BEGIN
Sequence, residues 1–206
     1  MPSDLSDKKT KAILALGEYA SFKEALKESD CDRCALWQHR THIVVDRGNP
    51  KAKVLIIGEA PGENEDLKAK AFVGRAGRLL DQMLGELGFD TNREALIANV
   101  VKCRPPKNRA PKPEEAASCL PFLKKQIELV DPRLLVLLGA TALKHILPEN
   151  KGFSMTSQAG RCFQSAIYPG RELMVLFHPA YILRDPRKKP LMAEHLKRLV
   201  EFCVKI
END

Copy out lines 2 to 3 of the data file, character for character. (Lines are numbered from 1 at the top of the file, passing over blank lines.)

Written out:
     1  MPSDLSDKKT KAILALGEYA SFKEALKESD CDRCALWQHR THIVVDRGNP
    51  KAKVLIIGEA PGENEDLKAK AFVGRAGRLL DQMLGELGFD TNREALIANV